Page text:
Susie Scandrett returned home from her job at the Labor Department just in time to catch them wading into the water.
“I almost lost my babies that day,” she recalled. So she quit her job to stay home with them. “Milton said to me, ‘We’ll just make it on what I make.’ ”
In addition to his job with the railroad, Scandrett leased a convenience store at Sixth and E streets NE. He had an old B&O caboose hauled to Seat Pleasant and turned it into a barbecue restaurant. Using his knowledge as a sanitation inspector, he started a pest-control business.
“I mean, he got out there and hustled,” Susie Scandrett said.
Her husband added, “I was fortunate to get good jobs.”
At the birthday party, the Scandretts’ pastor congratulated him for making the most of his opportunities. But he also urged the gathering not to forget how such opportunities came about.
“You can’t think of Scandrett without thinking about that statue in Union Station,” said the Rev. Vernon Shannon, pastor of John Wesley African Methodist Episcopal Zion Church in Northwest. “Because, you see, Brother Scandrett was a railroad man, and you know who fought that fight to make it possible?”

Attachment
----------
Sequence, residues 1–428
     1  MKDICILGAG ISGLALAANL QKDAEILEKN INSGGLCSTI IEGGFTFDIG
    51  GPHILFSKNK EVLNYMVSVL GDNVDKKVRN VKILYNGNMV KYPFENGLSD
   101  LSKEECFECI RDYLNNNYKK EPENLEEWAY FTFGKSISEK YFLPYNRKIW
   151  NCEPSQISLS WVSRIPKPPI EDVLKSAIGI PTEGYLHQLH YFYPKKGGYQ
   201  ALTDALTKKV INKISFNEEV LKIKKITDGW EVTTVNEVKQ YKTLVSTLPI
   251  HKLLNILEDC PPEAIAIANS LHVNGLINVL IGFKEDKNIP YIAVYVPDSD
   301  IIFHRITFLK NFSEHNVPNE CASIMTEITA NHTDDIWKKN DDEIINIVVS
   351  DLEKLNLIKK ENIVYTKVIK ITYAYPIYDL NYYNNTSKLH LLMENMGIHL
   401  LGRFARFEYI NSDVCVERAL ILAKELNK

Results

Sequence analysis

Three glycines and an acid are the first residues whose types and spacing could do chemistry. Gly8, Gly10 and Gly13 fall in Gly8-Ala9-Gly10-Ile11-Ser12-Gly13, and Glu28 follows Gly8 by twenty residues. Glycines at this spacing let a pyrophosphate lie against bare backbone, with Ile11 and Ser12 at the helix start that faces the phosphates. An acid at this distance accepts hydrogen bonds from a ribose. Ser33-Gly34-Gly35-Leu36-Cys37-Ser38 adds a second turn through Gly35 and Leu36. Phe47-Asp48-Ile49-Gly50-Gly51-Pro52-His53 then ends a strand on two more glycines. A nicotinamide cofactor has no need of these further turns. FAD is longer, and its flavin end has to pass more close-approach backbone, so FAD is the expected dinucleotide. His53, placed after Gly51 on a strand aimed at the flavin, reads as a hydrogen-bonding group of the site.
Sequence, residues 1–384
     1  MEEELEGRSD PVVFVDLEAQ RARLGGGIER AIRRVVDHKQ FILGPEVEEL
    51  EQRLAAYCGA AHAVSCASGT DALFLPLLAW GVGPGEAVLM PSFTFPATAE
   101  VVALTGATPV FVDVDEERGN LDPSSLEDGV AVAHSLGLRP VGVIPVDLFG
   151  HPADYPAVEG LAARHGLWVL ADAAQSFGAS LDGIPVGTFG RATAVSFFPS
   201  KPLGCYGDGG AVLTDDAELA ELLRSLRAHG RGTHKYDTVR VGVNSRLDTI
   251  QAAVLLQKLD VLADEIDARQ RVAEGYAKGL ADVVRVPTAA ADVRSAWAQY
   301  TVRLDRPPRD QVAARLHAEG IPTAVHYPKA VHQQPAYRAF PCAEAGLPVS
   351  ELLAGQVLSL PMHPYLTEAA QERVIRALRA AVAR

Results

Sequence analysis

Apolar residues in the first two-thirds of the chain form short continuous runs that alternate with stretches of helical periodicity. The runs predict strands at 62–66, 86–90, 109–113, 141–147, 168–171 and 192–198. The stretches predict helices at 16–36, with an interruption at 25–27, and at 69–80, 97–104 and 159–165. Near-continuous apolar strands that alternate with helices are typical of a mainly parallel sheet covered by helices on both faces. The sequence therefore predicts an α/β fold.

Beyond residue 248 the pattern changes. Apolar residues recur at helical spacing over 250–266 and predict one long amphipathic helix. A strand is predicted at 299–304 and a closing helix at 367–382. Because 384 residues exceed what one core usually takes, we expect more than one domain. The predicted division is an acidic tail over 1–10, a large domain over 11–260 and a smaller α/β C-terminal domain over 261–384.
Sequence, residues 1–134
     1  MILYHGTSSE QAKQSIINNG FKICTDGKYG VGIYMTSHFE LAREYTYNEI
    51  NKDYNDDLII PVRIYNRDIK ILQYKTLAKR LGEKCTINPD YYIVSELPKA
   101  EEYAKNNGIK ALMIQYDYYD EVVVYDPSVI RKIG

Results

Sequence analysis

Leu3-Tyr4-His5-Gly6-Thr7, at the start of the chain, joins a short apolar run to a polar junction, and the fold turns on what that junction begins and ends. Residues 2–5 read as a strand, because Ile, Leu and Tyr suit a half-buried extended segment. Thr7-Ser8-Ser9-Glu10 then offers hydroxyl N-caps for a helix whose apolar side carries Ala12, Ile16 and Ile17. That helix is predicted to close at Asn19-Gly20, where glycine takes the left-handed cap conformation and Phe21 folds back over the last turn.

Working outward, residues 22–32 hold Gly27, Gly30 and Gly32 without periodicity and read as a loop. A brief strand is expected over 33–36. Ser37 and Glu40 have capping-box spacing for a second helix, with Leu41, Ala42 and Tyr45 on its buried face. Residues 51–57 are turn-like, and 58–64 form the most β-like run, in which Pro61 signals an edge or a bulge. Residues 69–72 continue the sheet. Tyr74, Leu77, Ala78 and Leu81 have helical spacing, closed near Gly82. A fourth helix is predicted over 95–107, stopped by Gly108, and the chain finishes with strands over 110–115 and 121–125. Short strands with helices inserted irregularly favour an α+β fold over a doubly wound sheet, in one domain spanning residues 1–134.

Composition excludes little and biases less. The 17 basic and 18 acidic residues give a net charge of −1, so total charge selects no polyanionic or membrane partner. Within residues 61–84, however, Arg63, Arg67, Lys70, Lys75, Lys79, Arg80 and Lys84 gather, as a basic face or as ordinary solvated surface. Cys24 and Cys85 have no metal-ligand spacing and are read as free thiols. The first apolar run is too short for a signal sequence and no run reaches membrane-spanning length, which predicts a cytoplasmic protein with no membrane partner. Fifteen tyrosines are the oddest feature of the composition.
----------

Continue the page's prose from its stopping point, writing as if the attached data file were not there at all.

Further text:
The statue he was referring to honors A. Philip Randolph, an African American civil rights legend who, in 1925, organized the Brotherhood of Sleeping Car Porters — the largest black labor union in the country at the time, which resulted in men like Scandrett being able to earn a living wage.
“You ought to know that history,” Shannon said.
Scandrett gave his pastor a nod and mused, “That’s how it was.”
To read previous columns by Courtland Milloy, go to washingtonpost.com/milloy.